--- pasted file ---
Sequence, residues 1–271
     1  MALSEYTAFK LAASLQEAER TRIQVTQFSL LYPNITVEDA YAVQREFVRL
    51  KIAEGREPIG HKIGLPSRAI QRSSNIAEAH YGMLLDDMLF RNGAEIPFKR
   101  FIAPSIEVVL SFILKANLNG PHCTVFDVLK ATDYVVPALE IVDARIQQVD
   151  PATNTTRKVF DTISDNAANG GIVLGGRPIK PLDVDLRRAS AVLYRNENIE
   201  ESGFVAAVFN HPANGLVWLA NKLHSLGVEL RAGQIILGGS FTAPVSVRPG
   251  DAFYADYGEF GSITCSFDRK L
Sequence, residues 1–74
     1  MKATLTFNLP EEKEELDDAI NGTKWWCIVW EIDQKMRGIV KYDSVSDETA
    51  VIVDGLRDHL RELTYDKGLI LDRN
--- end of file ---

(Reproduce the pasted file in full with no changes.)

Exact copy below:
Sequence, residues 1–271
     1  MALSEYTAFK LAASLQEAER TRIQVTQFSL LYPNITVEDA YAVQREFVRL
    51  KIAEGREPIG HKIGLPSRAI QRSSNIAEAH YGMLLDDMLF RNGAEIPFKR
   101  FIAPSIEVVL SFILKANLNG PHCTVFDVLK ATDYVVPALE IVDARIQQVD
   151  PATNTTRKVF DTISDNAANG GIVLGGRPIK PLDVDLRRAS AVLYRNENIE
   201  ESGFVAAVFN HPANGLVWLA NKLHSLGVEL RAGQIILGGS FTAPVSVRPG
   251  DAFYADYGEF GSITCSFDRK L
Sequence, residues 1–74
     1  MKATLTFNLP EEKEELDDAI NGTKWWCIVW EIDQKMRGIV KYDSVSDETA
    51  VIVDGLRDHL RELTYDKGLI LDRN